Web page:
In a time where many of us are revising our understanding of American history, David Grann’s Killers of the Flower Moon: The Osage Murders and the Birth of the FBI (Doubleday, 339), presents another world of facts some have attempted to forget. The book, a 2017 finalist for the National Book Award in Nonfiction, is a work of stunning archival research whose prose is as laudable as it is grisly. From the outset, Grann’s book proves a necessary journalistic exposé – one that was years in the making – about a campaign to marry and then murder Osage Indians on their own reservation. But between the lines, Grann has written something else: a wrenching Western true-crime mystery about a tribe nearly destroyed by white greed.
As its subtitle suggests, Killers unearths the remarkable story of the “Reign of Terror” against the Osage Indians in Oklahoma in the early 20th century. The allotment agreement given to the Osage Indians by the U.S. government in the 1870s included a rare provision that stated the Osage owned the “headrights” to any “oil, gas, coal, or other minerals” beneath the land they owned, rights which could only be inherited, not bought or sold. Soon after, oil was discovered all across Oklahoma and the registered members of the tribe became wealthy beyond imagining. Grann even recounts the outrage found in articles about the Osages’s fortunes, instances where “the press claimed that whereas one out of every eleven Americans owned a car, virtually every Osage had eleven of them.” But over the course of the following years, slowly at first—then in larger numbers—individual Osage began to disappear or fall strangely ill.
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Grann’s narrative starts with the “whodunnit” disappearance and murder of one Osage woman, Anna Brown, and grows to encompass the dozens, if not hundreds (since many deaths went unreported) of Osage who were poisoned, shot, bludgeoned, blown up, or otherwise killed in the early 1900s. Grann traces the subsequent investigations by a nascent FBI with considerable intensity, cannily pushing readers to race through the book to find out who killed Anna Brown, Charles Whitehorn, Joe Bates, and so many others. With every page, Grann builds suspense without ever reducing the victims to mere historical subjects. Each person is rendered vivid and captivating throughout, a feat that doubles the horror of the events described.
To add to the urgency of this story, acknowledging that the past is always present, Grann describes his interviews with many of the descendants of the victims of this “Reign of Terror.” These interviews, described in the book’s final section titled “The Reporter,” are perhaps the most fascinating part of the book. “The Reporter,” of course, is Grann, and his attempt to uncover what has happened is a happening in itself, extending the story of Killers into our time rather than pretending it exists apart from us. Switching to the first-person, Grann here also candidly reveals the scope of the work involved in producing historical nonfiction. He evocatively describes the near-mania that can take over when assuming such a project, with “stacks of files” growing into towers in his office as he pores over thousands of FBI documents, archives, wills and testaments, and rarely touched archival photographs.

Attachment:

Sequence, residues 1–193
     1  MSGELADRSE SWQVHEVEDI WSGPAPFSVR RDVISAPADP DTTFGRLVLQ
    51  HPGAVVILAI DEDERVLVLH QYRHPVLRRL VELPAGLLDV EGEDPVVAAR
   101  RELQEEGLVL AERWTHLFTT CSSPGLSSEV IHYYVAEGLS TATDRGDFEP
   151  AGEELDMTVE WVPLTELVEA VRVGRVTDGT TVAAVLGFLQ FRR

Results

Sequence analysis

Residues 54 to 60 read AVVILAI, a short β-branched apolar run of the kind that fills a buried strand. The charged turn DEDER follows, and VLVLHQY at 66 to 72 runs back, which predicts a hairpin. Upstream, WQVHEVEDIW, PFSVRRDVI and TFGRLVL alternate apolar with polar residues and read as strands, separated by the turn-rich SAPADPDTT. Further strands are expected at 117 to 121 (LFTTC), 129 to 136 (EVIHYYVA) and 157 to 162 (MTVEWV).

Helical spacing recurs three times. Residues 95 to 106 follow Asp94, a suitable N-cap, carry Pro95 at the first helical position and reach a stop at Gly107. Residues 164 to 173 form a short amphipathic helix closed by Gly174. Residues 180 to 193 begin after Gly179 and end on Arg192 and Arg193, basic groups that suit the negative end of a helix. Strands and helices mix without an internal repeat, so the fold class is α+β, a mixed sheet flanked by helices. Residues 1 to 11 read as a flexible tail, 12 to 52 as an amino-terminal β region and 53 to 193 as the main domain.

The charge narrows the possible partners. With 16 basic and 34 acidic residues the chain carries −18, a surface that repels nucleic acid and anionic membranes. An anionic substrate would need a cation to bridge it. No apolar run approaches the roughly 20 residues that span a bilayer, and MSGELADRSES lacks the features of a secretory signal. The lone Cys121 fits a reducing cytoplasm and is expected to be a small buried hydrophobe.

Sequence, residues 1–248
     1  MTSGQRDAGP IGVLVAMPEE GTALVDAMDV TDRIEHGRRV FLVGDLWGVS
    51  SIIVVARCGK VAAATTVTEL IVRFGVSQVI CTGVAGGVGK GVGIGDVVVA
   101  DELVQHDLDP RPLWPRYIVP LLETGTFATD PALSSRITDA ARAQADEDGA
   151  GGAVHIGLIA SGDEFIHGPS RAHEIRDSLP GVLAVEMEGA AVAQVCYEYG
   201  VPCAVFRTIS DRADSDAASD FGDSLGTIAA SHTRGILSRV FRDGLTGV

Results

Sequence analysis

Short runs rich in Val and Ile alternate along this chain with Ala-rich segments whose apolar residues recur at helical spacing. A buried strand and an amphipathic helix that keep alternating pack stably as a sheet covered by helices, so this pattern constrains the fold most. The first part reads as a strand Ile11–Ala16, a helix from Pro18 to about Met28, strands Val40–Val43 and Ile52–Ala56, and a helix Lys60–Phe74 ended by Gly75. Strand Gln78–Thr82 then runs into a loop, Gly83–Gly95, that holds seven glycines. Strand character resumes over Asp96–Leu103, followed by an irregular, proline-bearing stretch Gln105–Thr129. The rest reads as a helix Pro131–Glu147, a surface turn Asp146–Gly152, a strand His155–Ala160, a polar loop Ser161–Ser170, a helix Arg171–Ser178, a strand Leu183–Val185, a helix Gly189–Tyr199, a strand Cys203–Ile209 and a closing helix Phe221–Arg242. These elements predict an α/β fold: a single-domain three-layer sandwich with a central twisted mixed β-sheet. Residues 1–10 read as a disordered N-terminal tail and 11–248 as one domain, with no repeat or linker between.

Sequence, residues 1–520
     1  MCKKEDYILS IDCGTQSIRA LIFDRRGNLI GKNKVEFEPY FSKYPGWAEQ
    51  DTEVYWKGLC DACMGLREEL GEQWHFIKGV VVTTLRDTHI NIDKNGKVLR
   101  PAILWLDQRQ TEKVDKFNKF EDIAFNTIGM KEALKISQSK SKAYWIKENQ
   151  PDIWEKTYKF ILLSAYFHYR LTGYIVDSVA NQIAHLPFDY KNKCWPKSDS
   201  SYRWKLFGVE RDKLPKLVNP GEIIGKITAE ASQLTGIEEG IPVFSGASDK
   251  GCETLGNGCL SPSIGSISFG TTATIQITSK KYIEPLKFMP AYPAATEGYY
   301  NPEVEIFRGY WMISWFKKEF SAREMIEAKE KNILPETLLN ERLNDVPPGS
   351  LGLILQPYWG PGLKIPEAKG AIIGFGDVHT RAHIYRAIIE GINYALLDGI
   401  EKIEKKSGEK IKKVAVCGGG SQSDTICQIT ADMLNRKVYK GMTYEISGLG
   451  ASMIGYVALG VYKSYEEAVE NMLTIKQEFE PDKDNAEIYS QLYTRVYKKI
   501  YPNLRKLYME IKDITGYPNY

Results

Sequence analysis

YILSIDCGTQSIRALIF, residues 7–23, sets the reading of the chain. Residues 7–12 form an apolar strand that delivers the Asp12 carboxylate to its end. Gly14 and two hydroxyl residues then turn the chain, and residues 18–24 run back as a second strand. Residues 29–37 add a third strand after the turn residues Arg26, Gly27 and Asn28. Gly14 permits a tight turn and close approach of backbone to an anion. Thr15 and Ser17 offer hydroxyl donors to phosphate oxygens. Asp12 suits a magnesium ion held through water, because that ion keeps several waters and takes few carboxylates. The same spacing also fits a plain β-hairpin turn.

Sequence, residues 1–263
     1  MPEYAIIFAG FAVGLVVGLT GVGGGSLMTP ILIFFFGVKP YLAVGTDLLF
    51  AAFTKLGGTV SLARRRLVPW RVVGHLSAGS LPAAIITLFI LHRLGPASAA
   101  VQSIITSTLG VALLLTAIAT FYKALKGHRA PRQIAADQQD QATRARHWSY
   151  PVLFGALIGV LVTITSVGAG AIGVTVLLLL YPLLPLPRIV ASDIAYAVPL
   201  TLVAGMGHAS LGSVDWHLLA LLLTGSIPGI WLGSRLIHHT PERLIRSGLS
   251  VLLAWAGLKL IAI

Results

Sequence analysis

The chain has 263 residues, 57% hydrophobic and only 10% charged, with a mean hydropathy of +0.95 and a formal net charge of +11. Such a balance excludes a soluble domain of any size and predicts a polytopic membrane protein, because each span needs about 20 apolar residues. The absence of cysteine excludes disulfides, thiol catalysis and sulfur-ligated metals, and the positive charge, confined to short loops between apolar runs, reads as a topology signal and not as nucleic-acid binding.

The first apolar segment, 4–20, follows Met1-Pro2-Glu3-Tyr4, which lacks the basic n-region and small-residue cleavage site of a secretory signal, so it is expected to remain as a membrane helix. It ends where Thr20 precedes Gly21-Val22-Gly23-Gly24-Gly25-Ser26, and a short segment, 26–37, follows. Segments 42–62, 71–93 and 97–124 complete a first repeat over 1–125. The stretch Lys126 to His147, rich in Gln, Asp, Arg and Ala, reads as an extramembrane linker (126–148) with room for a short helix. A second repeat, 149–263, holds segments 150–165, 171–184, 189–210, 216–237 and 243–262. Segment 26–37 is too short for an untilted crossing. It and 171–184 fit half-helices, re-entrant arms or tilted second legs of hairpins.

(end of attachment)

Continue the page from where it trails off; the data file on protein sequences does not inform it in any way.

By detailing the herculean process necessary for unearthing this story, Grann humbly points us toward the real debt he and his work owe to individuals like Kathryn Red Corn, director of the Osage Nation Museum, and Margie Burkhart, murder victim Anna Brown’s great-grandniece. Grann makes it clear that without their insight and willingness to assist his project, Killers could not exist. And in acknowledging their pain and contribution, he underscores the impetus in producing this piece of history: to reckon with the past’s effects on the present. The Reign of Terror on the Osage did not just rob its people of their money – it fragmented families, robbed children of their parents, grandparents of their children, and the tribe of its brothers of sisters. Killers, Grann makes clear, is about, for, and in a significant sense by the Osage, both living and deceased. Grann makes it plain that those losses are still felt today, and although white history has forgotten them, “the Reign of Terror had ravaged–still ravaged–generations.” Killers does not dredge up the past for its own sake, but wisely grapples with its effects on the present.
Because of Grann’s journalistic-historical hybrid approach, we never lose sight of the sight of the here and now: those still suffering today from wrongs no one can make right. While his research could have filled a textbook on Osage-U.S. relations, Grann hones his work instead into a deep, riveting mystery. As a result, Killers of the Flower Moon becomes the most compelling read of the year, shining with a sincerity of purpose and a rare clearness of mind worthy of the lives lost.